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Great God of Reversals: Look for a River in Your Desert


Woman walking in desert

I’ve been meditating on the Magnificat. Mary then, and I now, rejoice in our Great God of Reversals.

Do you?

A Personal Praise Song to the God of Reversals

How many can you find in Mary’s song of praise?

46 And Mary said, “My soul magnifies the Lord,
47     and my spirit rejoices in God my Savior,
48 for he has looked on the humble estate of his servant.
    For behold, from now on all generations will call me blessed;
49 for he who is mighty has done great things for me,
    and holy is his name.
50 And his mercy is for those who fear him
    from generation to generation.
51 He has shown strength with his arm;
    he has scattered the proud in the thoughts of their hearts;
52 he has brought down the mighty from their thrones
    and exalted those of humble estate;
53 he has filled the hungry with good things,
    and the rich he has sent away empty.
54 He has helped his servant Israel,
    in remembrance of his mercy,
55 as he spoke to our fathers,
    to Abraham and to his offspring forever.”

I count at least six. You can’t miss the reversals in Mary’s words. They are the point. The Mighty God of the universe, not only condescended, but did so to forever reverse and reorder our human value system.

The conception and birth of the King of the Universe to a humble maiden announces the beginning of that magnificent restructuring. When wise men from the East bring treasures to a toddler in a backwater town, hailing him as King and an angel choir declares a baby in a manger the Savior of the world, we’d better believe that one day every knee will bow to Jesus Christ the Lord.

Whether you’re blue and low, or, like Mary, down and out but, at Gabriel’s news, looking up, or feeling with me “a little loose in the joints and very shabby,” pondering the Great God of Reversals feeds hope.

Job & Other Poster Children

I honestly wasn’t looking for it. But my Bible reading plan landed me in Job this month. These reversal verses are from Job’s mouth in chapter 12, not to mention Job himself—once “the greatest of all the people of the east,” then the most pitied, and exalted once again.

Job is poster child for the Great God of Reversals.

21 He pours contempt on princes
    and loosens the belt of the strong.
22 He uncovers the deeps out of darkness
    and brings deep darkness to light.
23 He makes nations great, and he destroys them;
    he enlarges nations, and leads them away.

Now that I think of it, Job and Mary would have to compete with Moses and Joseph and Ruth and David and Esther and multiple prophets and Apostle Paul and all 12 disciples for a headshot on the Great Reversal poster.

Reversals are how God works. What are the Beatitudes if not reversals of value in God’s upside down kingdom? To reverse long-standing order reveals power. Both ways reveal power: humbling the proud and exalting the humble, turning deserts into rivers and rivers into deserts, filling the hungry with good things and sending the rich “empty away.”

Great Reversals, Great God

Great reversals are the work of a great God. We see it in the epic historical deliverance Psalm, 107.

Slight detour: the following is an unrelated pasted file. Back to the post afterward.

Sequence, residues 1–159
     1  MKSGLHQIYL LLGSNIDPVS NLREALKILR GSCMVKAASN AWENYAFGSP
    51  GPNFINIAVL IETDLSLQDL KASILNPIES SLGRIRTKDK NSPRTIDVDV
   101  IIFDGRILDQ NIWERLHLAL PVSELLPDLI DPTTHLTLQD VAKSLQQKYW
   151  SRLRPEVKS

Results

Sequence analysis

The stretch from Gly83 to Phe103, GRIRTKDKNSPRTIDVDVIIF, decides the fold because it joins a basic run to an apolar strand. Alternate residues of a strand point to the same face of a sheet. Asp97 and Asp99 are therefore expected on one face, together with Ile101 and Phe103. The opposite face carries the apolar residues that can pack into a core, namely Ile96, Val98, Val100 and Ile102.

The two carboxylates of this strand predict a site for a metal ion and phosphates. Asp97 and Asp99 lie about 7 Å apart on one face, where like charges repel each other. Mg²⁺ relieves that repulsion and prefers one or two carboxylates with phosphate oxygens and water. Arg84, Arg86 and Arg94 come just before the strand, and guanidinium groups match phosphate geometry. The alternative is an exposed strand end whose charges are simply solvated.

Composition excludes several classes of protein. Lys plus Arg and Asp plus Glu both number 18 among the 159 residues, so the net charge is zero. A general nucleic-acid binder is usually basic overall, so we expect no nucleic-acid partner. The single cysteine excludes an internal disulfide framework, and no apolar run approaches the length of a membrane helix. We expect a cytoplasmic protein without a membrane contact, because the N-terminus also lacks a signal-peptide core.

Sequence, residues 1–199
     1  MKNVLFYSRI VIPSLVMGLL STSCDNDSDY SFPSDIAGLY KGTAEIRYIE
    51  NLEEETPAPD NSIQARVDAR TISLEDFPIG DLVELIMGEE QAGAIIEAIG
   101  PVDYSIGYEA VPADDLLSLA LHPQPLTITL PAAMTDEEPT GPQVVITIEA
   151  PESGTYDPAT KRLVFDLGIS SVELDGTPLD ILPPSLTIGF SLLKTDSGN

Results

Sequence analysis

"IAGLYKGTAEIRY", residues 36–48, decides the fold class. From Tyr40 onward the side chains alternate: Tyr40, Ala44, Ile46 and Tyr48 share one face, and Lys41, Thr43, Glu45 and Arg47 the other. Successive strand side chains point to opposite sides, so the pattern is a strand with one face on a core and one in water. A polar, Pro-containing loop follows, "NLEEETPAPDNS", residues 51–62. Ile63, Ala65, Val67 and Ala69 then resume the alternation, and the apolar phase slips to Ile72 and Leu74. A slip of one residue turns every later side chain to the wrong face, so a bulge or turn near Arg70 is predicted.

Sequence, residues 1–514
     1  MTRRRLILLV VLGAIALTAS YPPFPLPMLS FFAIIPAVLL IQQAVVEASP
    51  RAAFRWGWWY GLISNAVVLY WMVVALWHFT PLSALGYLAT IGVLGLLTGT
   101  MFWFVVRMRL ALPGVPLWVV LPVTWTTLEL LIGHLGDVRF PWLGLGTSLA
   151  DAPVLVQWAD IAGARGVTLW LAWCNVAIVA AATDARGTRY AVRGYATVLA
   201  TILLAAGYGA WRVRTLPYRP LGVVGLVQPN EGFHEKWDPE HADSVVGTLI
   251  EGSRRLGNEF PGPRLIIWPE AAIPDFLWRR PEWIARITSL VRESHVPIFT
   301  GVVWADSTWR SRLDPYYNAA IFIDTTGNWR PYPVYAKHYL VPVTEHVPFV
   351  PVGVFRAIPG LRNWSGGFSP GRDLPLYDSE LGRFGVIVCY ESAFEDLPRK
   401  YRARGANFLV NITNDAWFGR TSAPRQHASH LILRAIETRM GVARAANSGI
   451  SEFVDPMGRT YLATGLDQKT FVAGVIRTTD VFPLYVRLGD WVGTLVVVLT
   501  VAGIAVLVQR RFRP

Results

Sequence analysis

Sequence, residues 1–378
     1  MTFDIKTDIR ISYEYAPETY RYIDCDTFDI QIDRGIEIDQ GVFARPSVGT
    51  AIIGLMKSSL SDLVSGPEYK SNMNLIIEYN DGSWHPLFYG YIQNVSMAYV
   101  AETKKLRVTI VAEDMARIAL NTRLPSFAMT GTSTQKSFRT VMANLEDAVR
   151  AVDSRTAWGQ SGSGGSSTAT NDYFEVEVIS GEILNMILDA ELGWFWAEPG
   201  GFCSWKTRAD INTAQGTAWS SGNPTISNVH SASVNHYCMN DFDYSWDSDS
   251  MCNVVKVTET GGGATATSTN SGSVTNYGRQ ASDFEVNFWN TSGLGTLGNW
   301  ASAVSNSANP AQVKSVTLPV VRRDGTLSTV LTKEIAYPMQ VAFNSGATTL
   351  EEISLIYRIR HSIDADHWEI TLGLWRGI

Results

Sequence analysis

33 He turns rivers into a desert,
    springs of water into thirsty ground,
34 a fruitful land into a salty waste,
    because of the evil of its inhabitants.
35 He turns a desert into pools of water,
    a parched land into springs of water.
36 And there he lets the hungry dwell,
    and they establish a city to live in;
37 they sow fields and plant vineyards
    and get a fruitful yield.
38 By his blessing they multiply greatly,
    and he does not let their livestock diminish.
39 When they are diminished and brought low
through oppression, evil, and sorrow,
40 he pours contempt on princes
and makes them wander in trackless wastes;
41 but he raises up the needy out of affliction
and makes their families like flocks.
42 The upright see it and are glad,
and all wickedness shuts its mouth.

That’s it.

I could unfold the reversal in rich man and Lazarus, how the rich man “received good things, while Lazarus received bad things, but Lazarus was comforted the rich man landed in agony,” or how Haman was hung on the gallows he had constructed for Mordecai and King Xerxes elevated Mordecai to second in command.

I could tell you but I won’t.

Instead, I’ll pose two questions, because Jesus Christ is the same yesterday, today and forever. God is faithful to all of his promises. When Jesus says those who mourn will be comforted, they will. When he says that he opposes the proud and gives grace to the humble, he does.

When the time is right, our Mighty God can reverse the most irreversible circumstances. He can soften the hardest hearts. He can.

Let Us Consider

So here you go. I’d love to read your answers in the comments, or in a personal email.

  1. Where, in the Bible or in your actual-factual life, have you seen the reversing work of our God?
  2. In what situation in your life are you waiting for our Great God of Reversals to act?

I left off the last verse of Psalm 107. Psalm 107 is rather like the Magnificat. It’s a joyful tribute, “God to the Rescue.” And we must hear its last verse:

43 Whoever is wise, let him attend to these things;
    let them consider the steadfast love of the Lord.

Will you attend to these things? Will you join me and worship the Great God of Reversals?

Because he is also the good God whose love endures forever.

And his steadfast love will never be reversed.

This post was originally published at AbigailWallace.com.

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